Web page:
This post is the fruit of my lectio divina (here is an excellent book on the saintly practice of the prayerful reading of holy texts that I will be reviewing on the blog when I finish it) from today and from this weekend during some personal time in the beautiful St. Brigid Church in Hanford, CA.
In Ephesians 4: 1-16 (the first reading of this past Saturday's Office of Readings), St. Paul gives us an idea of how to realize Easter in our own lives -- to do what we need to do to be what we want to be.
What do we want to be?
Attain ... to the measure of the stature of the fulness of Christ.Or, as the breviary has it, simply the "full stature" of Christ -- to be fully integrated with Him.
[G]row up in every way into him who is the head, into Christ.As one of the saints put it, He became human so that we could become Divine! (This is obviously not meant in the sense of being made "gods," but as being united with God Himself by His Power.)
So, what do we need to do?
[L]ead a life worthy of the calling to which you have been called.Specifically, we are called to humility, bearing with each other in peaceful unity.
How are we to do this?
[G]race was given to each of us according to the measure of Christ's gift.Through Christ's gift -- given in the Resurrection -- we can be humble and live in peace together, eventually fully united with each other in Christ. What more could we ever want?!
But, we must live and do -- not merely wish, think or even feel -- in order to achieve this Divine life!
In my own day-to-day life, this has proved particularly challenging. I find myself avoiding doing in order think. To combat this, I have come-up with yet another system/plan/rule (as I have done regularly since high school, with little success), this one formatted on the "hours" of the Divine Office, and organized around regular and special tasks related to the people and responsibilities that are most important to me. I've tried to keep it focused and simple, but given past experience and the present situation (wife, caring for four children under the age of four and three cats, in a home), I know that there will be many days that my reality will not remotely resemble this rule. (If the rule works reasonably well, then I'll blog on it.)
What's most important now is how to move past these apparent "failures." As we learn in the classic Abandonment to Divine Providence, we encounter God in the "sacrament of the present moment." We find Him not necessarily in doing what we plan for His glory each day, but in doing what He wills in each moment, in following His "will of good pleasure." We are reminded that too much of a good thing (study, rest, even lectio divina!) is not only not a good thing, but is actually a bad thing because it is keeping us from following God's "will of good pleasure" in that moment! It is keeping us from God!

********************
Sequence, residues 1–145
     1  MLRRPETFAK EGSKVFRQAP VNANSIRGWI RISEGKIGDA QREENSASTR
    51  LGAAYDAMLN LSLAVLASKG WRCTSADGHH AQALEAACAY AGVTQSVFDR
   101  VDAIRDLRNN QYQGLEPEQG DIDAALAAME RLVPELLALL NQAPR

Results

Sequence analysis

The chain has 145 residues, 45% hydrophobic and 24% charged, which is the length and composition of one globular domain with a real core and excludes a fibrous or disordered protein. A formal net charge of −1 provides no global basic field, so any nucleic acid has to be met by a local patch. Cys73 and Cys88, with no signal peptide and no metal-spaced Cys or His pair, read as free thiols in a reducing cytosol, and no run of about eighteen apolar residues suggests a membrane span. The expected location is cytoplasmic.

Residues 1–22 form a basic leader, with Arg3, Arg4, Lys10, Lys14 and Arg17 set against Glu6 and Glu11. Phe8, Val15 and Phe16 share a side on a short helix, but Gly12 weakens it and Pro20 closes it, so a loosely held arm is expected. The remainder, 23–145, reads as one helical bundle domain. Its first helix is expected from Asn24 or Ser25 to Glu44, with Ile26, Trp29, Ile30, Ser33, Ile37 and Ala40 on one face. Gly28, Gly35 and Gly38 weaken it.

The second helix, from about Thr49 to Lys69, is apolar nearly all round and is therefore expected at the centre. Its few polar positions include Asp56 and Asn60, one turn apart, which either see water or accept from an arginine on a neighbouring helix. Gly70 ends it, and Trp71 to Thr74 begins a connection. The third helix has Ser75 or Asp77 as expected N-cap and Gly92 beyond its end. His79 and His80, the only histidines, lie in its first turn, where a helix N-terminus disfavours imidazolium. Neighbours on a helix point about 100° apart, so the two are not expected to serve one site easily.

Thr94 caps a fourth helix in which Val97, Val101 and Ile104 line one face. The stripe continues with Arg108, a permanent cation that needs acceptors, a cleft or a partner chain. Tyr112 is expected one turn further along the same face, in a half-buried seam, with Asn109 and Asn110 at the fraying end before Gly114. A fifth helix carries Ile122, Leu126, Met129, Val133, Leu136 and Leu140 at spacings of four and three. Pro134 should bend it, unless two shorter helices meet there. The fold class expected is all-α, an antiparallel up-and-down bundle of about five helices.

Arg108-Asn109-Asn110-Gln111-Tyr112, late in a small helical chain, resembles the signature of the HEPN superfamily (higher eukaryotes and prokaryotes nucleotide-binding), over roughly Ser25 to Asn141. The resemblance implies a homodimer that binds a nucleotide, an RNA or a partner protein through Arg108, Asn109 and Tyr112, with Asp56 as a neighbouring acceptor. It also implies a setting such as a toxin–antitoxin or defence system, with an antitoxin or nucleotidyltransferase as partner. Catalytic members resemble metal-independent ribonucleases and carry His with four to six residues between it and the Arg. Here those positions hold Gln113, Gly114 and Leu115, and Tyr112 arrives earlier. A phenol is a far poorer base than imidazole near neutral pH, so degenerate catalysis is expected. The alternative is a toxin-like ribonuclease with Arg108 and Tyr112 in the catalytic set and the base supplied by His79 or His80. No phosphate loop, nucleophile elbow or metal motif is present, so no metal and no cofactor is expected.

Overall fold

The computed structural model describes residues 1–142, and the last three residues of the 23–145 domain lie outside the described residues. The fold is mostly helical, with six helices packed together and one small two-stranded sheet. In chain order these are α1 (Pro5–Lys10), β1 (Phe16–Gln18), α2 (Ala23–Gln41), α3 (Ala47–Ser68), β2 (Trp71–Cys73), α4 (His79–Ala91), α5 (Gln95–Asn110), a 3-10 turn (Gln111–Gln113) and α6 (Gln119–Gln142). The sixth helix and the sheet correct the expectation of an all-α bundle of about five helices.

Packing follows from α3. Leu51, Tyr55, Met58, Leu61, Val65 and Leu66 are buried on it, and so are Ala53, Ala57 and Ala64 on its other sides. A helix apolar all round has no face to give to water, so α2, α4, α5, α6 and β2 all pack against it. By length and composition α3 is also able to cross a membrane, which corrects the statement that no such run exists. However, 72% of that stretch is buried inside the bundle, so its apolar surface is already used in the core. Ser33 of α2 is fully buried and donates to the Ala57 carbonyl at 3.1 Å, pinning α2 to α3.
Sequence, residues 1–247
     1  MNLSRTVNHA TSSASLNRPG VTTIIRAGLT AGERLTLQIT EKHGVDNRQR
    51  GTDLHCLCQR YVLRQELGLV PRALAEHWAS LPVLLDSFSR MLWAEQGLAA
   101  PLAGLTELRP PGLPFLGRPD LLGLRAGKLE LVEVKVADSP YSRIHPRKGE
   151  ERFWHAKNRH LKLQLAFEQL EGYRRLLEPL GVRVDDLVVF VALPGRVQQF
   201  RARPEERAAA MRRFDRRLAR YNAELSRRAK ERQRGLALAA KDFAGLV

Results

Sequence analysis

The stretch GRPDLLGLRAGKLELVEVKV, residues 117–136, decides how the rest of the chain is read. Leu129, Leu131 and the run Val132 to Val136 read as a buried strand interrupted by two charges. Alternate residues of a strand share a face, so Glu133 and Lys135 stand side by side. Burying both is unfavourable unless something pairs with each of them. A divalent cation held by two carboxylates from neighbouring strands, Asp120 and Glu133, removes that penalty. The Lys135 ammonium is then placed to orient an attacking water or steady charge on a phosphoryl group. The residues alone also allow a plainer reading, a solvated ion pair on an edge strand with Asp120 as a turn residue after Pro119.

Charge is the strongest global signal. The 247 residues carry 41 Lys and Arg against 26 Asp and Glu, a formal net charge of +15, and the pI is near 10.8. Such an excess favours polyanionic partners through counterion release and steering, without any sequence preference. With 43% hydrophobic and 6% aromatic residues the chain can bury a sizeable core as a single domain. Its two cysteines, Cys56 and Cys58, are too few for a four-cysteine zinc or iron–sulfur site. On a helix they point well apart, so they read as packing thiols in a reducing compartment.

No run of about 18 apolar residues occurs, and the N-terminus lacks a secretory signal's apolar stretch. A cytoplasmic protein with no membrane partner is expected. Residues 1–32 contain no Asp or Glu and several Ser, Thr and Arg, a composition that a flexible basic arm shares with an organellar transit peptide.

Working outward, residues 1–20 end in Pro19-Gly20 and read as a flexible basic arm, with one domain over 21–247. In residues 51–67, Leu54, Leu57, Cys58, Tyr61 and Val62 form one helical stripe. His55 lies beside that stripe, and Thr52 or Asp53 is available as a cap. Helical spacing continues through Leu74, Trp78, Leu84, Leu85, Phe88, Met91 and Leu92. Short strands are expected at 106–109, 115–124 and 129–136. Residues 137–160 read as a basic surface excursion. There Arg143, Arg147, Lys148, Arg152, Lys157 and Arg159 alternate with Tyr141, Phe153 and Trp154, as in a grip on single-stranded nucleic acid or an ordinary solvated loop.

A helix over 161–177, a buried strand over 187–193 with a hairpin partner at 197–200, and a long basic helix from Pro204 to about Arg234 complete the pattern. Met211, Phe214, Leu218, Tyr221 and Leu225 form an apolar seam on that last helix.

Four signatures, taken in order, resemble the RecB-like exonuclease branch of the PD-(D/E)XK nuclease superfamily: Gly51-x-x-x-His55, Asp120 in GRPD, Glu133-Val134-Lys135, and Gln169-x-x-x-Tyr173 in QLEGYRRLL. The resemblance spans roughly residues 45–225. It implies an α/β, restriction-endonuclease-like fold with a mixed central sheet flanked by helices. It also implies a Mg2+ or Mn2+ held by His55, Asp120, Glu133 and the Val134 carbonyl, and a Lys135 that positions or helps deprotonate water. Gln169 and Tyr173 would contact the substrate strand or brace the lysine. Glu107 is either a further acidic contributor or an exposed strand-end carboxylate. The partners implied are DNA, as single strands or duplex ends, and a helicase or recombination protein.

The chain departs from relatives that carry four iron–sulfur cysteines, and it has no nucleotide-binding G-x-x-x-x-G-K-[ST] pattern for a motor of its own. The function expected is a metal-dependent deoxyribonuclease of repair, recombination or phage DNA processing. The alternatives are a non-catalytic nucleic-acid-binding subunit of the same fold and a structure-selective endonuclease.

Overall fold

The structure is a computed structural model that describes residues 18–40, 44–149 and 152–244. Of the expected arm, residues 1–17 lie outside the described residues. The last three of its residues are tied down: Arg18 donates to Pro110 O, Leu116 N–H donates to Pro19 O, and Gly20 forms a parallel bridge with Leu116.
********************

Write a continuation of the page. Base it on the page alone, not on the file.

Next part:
After a "failure," then, what must be done is to return to the present moment where Our Lord is, and prayerfully proceed with what He has willed for this moment. This may not be what I planned, or even what I want right now, but it is what He wants. Therefore, I want it because I want to be united with Him!
It is also worth noting that human perfection is not necessary for holiness, for unity with God. Human failure can still mean supernatural success -- holiness. In fact, we understand more clearly with contrast. Light is defined by darkness, and a wave by the trough that follows it and precedes the next one. Similarly, success can be seen more clearly in contrast with failure.
Finally, for those of us who are blessed to be parents, we should be mindful that our approach to daily life -- how we use our time, how we respond to our failures, etc. -- marks a path for our children, too. I heard it said once that "kid does not mean 'stupid.'" They observe us, sometimes more clearly than we see ourselves. We need to show them and explain to them how Christians live safely in a world that is not ours. (An excellent guide for this is the classic Rule of St. Benedict, available with commentary useful for parents, in Fr. Dwight Longenecker's Listen My Son.)